In my previous post I had written a rather rough, naive and raw diatribe about how Christmas is exploited and now focuses more on greed and avarice, gluttony and general over indulgence. The poem was written from the heart but I know myself it is not as it should be.
I’ve now rewritten it as below
It feels a little better but still needs some work for it to be of any satisfaction. However, now that the Christmas season is over, I think I will leave it in the cupboard with the left over wrapping paper until next year. By then it will have had time to settle and like the carefully packed away Christmas lights I can untangle it and hope it lights up.
This is my last upload for this module for the moment. I’ve put together a ‘seasonal’ piece. I’ve called it Mrs Grinch. It’s very much a work in progress, but any comments would be welcome. The formatting isn’t as I would wish but I’ve struggled long enough to get it to do as it’s told. The final piece will have the first six stanzas in column with the last stanza holding up the two pillars – could be seen as chimney pots. That is, of course, unless I change the whole thing completely which is likely. If you are reading this, I hope you have as good a Christmas as you would wish for and may the New Year bring new promises.
I came across a ‘Reverse’ poem some time ago which fascinated me. It’s a poem that when read backward gives it a totally different meaning. The one I found was called Refugees by Brian Bilston and can be found here
I thought this was a challenging and fascinating method and when read both forward and backward can give a powerful message to the reader. It certainly drew me in, I was somewhat incensed at first reading but then at the end taking the invitation to read in reverse I was inspired to try my own.
Happy poets who write found poetry go pawing through popular culture like sculptors on trash heaps. They hold and wave aloft usable artifacts and fragments: jingles and ad copy, menus and broadcasts — all objet trouvés, the literary equivalents of Warhol’s Campbell’s soup cans and Duchamp’s bicycle. By entering a found text as a poem, the poet doubles its context. The original meaning remains intact, but now it swings between two poles. The poet adds, or at any rate increases, the element of delight. This is an urban, youthful, ironic, cruising kind of poetry. It serves up whole texts, or interrupted fragments of texts.” — Annie Dillard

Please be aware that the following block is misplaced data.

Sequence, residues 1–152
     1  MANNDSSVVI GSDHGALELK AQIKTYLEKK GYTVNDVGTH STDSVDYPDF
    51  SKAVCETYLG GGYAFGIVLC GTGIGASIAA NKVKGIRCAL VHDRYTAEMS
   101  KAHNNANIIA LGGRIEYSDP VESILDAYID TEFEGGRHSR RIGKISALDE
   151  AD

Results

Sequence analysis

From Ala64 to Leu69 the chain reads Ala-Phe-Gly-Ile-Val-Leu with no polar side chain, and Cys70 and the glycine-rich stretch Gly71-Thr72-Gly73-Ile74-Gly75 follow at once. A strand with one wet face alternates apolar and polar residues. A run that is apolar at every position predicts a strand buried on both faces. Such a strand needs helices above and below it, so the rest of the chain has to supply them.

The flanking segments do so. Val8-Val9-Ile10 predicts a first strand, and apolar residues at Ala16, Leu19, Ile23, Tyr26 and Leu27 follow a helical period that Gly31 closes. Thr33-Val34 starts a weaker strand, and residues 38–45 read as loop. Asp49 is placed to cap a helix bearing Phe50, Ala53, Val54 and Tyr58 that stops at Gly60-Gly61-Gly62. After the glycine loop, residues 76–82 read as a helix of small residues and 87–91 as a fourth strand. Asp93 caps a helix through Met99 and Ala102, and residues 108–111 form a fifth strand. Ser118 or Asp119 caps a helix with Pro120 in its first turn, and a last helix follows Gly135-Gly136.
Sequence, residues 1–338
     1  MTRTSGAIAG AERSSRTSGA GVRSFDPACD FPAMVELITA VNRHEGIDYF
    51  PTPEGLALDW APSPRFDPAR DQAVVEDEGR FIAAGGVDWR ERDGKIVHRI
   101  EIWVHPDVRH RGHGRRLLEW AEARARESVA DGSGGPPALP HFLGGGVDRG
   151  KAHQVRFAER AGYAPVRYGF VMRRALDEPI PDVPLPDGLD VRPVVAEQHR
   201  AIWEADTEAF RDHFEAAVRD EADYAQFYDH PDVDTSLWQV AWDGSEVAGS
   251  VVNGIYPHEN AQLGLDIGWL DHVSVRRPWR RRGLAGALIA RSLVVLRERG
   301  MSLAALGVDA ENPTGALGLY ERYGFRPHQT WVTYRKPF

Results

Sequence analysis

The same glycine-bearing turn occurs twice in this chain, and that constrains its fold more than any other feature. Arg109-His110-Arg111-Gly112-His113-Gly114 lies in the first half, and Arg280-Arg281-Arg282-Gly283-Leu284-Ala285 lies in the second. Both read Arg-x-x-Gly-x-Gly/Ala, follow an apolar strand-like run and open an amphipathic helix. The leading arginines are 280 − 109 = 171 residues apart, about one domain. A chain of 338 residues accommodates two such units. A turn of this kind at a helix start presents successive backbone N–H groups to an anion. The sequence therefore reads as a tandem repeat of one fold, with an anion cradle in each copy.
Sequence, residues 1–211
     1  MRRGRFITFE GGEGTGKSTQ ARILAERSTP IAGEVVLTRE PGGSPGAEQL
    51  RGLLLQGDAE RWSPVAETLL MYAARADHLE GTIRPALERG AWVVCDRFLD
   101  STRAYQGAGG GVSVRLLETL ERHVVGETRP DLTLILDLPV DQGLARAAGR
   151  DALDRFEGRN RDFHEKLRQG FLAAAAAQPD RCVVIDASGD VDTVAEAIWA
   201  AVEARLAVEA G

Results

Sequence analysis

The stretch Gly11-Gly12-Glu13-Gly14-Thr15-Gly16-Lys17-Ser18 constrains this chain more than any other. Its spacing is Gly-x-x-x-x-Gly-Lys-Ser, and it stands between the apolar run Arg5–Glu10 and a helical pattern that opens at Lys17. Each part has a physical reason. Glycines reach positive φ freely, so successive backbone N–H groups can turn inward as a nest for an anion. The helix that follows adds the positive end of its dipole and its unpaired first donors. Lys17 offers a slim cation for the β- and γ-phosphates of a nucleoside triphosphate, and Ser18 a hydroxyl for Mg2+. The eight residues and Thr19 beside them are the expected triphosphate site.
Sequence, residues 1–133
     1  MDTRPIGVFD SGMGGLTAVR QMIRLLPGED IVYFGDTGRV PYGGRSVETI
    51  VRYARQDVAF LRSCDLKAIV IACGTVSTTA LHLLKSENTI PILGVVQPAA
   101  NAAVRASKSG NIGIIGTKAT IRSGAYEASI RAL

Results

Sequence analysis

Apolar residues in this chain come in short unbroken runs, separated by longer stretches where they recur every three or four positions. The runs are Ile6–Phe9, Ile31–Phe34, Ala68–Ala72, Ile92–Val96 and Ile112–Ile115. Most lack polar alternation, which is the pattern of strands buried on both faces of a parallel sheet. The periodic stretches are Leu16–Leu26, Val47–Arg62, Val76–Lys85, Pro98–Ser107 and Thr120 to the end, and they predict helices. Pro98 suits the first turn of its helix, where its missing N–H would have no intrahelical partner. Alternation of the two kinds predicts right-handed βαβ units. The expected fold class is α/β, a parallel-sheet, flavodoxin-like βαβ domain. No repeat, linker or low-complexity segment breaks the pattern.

http://www.foundpoetryreview.com/about-found-poetry/ accessed 27.11.2017
This week we were given the challenge of writing a poem from within the text of an act of Antigone a Greek Tragedy written by Sophocles apparently first performed in 442 BC
Here is my first effort:
Last week, I attempted a ‘Sonnet with a difference’. The idea was to try to link last month’s ‘Ophelia’ storm with Hamlet’s tragic Ophelia who starts life innocent and chaste, then rises in temper – or madness – then dies. The sonnet form just didn’t work for this, I found the restrictions obscured the ideas I wanted to impart. I’ve now lifted those restrictions and, using some of Shakespeare’s own words among mine, I hope I’ve created a symbiosis that works rather better.
This week we have been tasked with writing a sonnet. Easy yes? Iambic Pentameter with 10 syllables using a rhyming sequence. Well, not so easy.
In order to make this more challenging, we were asked to write a ‘cross rhyme’ where the word at the end of a line rhymes with a word in the middle of the preceding or following rhyme. (Gilbert, Dan. The Poet’s Cookbook: Details for over 50 forms, types of meter, structure, rhyme and over 100 writing exercises. (Kindle Location 289). Hewson Books. Kindle Edition.)
A sonnet in the traditional sense should as I said have 10 syllables with the traditional Shakespearian form having an a b a b c d c d e f e f g g, other sonnet forms may differ slightly such as in Italian or Petrachan -a b b a a b b a c d e c d e
Gilbert, Dan. The Poet’s Cookbook: Details for over 50 forms, types of meter, structure, rhyme and over 100 writing exercises. (Kindle Locations 863-864). Hewson Books. Kindle Edition.
In the first draft of this attempt, I’ve differed again from those in that I have a format of aabbccddeeffgg. Which may be seen as more of a couplet than a sonnett. As I said, a first draft, it’s been interesting to work on but needs some serious editing.
I’ve used the theme of the recent October storm Ophelia, linking it to Hamlet’s Ophelia in an oblique way.